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Statistically Speaking: Jefferson Hawkins Takes Us Into Scientology’s Numbers Fixation

StatisticsJefferson Hawkins was once the top marketing executive for the Church of Scientology and helped it reach its greatest extent with the famous “volcano” TV ads in the 1980s. He’s told his tale of getting into and out of the church with his excellent books Counterfeit Dreams and Leaving Scientology, and he’s helping us understand the upside-down world of Scientology “ethics.”

Jefferson where are you taking us today?

JEFFERSON: This week we’re covering Chapter 3 of Introduction to Scientology Ethics, which deals mostly with statistics. It’s a pretty detailed description of the importance of keeping statistics, exactly how you graph them, and how you determine statistic trends.

THE BUNKER: Anyone who has spent any time around Scientology is well aware of its fixation on weekly statistics. And anyone who has spent any time as a Scientology staff member knows the stress that is associated with Thursday at 2:00pm — the day and time that the “weekly statistics” are turned in. But what does this have to do with the subject of ethics?

JEFFERSON: As a staff member, I never questioned that the subject of statistics would be part of a book on Scientology Ethics, but if you step back for a second, it doesn’t make a lot of sense. Why would you have such a detailed description of how to keep statistics and how to graph statistics in the context of a discussion of ethics, of right and wrong choices in life? What do statistics have to do with ethics at all?

THE BUNKER: It does seem out of place for a book on ethics. So why is it included?

GettingOurEthicsInJEFFERSON: A couple of weeks ago, we were talking about utilitarian ethics, and I mentioned in passing something called “state consequentialism.” Consequentialism, broadly speaking, is the idea that the consequences of one’s actions are the ultimate basis for any judgment about the rightness of that conduct. In other words, the end justifies the means. State consequentialism, according to Wikipedia, is “an ethical theory which evaluates the moral worth of an action based on how much it contributes to the welfare of a state.” Specifically, anything that contributes to the order, material wealth, or population increase of the state is considered “ethical.” That is, anything that contributes to “the stats” of the state.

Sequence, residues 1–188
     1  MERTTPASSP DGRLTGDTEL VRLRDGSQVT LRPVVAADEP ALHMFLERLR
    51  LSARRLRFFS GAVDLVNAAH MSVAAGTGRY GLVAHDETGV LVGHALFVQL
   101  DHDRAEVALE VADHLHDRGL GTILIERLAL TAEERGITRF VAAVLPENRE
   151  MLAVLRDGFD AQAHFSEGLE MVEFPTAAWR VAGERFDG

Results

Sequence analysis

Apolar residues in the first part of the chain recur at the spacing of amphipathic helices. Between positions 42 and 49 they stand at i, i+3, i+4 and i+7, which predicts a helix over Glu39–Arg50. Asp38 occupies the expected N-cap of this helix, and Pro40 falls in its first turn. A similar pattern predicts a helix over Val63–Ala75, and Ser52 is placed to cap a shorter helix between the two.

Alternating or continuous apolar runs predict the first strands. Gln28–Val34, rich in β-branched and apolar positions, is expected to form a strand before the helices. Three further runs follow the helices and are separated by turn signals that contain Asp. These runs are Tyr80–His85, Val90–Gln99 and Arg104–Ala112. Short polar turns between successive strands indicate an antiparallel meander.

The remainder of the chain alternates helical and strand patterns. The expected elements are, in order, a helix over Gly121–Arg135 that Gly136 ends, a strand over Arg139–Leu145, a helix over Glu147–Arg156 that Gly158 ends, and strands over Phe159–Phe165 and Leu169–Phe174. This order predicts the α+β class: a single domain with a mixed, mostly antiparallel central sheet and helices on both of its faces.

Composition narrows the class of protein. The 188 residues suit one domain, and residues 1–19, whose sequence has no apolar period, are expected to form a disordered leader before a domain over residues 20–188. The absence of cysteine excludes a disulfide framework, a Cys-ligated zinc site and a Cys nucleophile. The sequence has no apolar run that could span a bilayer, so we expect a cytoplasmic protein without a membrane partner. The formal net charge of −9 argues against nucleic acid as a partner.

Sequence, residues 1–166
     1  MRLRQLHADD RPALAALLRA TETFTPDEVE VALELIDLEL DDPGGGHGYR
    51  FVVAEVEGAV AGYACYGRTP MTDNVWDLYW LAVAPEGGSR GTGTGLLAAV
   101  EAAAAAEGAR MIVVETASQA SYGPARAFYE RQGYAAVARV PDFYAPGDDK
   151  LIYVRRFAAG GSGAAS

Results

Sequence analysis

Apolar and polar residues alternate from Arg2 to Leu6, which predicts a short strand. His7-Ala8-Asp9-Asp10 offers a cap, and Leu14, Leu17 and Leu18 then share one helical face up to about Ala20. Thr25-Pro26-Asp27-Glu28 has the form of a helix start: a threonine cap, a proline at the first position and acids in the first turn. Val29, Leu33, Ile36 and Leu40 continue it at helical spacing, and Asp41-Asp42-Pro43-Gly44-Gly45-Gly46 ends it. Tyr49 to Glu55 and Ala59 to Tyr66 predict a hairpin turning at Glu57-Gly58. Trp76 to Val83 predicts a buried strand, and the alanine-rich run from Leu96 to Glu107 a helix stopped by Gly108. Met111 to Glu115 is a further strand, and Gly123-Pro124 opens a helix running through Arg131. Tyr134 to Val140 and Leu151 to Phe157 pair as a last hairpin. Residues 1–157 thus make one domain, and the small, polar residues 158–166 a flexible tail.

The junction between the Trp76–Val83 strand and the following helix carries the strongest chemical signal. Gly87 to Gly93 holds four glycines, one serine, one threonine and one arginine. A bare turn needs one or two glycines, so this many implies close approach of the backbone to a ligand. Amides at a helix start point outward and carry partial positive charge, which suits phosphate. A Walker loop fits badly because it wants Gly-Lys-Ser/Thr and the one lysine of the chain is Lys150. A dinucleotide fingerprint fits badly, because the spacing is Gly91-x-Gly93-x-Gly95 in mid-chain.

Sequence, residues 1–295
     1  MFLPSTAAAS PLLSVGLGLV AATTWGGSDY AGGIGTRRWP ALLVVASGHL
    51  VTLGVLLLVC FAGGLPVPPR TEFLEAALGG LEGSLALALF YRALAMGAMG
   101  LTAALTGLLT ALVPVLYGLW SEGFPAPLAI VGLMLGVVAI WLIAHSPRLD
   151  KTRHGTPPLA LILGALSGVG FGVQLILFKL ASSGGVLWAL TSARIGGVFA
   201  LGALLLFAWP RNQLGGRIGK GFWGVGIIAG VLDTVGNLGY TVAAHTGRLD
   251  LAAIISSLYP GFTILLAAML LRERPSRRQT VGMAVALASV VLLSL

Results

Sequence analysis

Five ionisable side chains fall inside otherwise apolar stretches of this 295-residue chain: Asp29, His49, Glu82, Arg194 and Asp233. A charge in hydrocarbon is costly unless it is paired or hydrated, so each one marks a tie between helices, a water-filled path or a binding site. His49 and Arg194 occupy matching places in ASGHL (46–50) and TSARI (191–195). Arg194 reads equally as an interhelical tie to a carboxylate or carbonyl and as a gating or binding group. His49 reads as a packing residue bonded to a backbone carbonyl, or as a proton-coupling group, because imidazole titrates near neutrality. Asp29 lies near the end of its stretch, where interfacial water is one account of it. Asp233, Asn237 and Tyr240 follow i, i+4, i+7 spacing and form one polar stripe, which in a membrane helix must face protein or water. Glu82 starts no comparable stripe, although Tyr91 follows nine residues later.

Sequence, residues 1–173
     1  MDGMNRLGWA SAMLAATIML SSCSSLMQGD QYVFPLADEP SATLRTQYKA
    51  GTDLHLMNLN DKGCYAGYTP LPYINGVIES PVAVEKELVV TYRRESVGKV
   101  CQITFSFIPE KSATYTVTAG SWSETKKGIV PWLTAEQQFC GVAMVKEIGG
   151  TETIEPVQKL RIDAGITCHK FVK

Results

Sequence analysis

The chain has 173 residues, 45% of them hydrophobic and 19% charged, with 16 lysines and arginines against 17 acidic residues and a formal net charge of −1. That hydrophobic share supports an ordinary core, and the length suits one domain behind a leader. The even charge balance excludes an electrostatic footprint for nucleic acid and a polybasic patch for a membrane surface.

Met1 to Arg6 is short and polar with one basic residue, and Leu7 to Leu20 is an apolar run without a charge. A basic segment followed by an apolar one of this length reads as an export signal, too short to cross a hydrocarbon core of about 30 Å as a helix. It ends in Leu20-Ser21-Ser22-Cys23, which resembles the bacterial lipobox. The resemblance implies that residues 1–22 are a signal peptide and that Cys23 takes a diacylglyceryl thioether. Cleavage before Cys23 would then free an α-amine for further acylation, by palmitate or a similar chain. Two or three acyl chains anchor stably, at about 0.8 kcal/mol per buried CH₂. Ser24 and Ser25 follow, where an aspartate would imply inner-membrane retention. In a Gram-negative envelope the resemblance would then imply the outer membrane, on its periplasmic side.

THE BUNKER: So anything that contributes to Scientology’s stats is considered ethical?

JEFFERSON: Right. Hubbard makes it clear later in the book that the end product of his ethics system is increased statistics. How you get those increased statistics does not matter. A few gems from later chapters:

Ethics actions must parallel the purposes of Scientology and its organizations…The purpose of the organization is to get the show on the road and keep it going. That means production.

We are not in the business of being good boys and girls. We’re in the business of going free and getting the organization products roaring. Nothing else is of any interest then to Ethics but (a) getting tech in, getting it run and getting it run right and (b) getting production up and the organization roaring along.

Therefore, if a staff member is getting production up by having his own statistic excellent, Ethics sure isn’t interested. But if a staff member isn’t producing, shown by his bad statistic for his post, Ethics is fascinated with his smallest misdemeanor.

In short, a staff member can “get away with murder” so long as his statistic is up and can’t “sneeze” without a chop if it’s down…

So I don’t care what men or women do if they just wear their hats and keep their stats up.

So if your statistic is up, you can do no wrong. If your statistic is down, you’re hounded and penalized. Every action is judged only by whether it got the stats up or not. That determines your “Ethics Condition.” I recall this principle being applied at Flag. There was one Registrar who was a known alcoholic. He kept a bottle of booze at his desk. And he carried on a number of affairs with prominent Scientology public. But no one could touch him because he was bringing in the bulk of Flag income. Therefore, he was considered “ethical” no matter what he did.